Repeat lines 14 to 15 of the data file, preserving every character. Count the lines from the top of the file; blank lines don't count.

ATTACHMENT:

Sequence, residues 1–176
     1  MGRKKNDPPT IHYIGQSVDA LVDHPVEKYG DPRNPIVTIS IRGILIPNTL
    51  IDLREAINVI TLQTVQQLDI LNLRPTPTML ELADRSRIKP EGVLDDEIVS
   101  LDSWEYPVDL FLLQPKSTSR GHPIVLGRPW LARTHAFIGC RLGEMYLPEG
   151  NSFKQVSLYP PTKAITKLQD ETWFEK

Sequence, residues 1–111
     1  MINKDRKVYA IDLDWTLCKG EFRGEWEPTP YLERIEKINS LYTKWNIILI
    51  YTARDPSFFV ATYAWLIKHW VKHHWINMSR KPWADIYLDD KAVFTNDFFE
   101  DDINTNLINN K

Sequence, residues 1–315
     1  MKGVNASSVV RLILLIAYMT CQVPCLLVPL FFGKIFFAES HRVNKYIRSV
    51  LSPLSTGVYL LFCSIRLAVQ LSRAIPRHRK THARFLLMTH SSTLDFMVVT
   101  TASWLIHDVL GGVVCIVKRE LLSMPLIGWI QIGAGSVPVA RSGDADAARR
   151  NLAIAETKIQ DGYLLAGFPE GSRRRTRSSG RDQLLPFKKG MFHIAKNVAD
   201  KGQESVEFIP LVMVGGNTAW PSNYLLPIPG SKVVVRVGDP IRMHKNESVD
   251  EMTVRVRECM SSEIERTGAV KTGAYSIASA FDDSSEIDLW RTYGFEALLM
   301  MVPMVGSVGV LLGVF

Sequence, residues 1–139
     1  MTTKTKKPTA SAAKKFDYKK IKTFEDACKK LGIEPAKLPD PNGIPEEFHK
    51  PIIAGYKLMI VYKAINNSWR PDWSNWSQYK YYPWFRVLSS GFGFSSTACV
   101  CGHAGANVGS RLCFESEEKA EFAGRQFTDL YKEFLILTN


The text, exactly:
   151  NLAIAETKIQ DGYLLAGFPE GSRRRTRSSG RDQLLPFKKG MFHIAKNVAD
   201  KGQESVEFIP LVMVGGNTAW PSNYLLPIPG SKVVVRVGDP IRMHKNESVD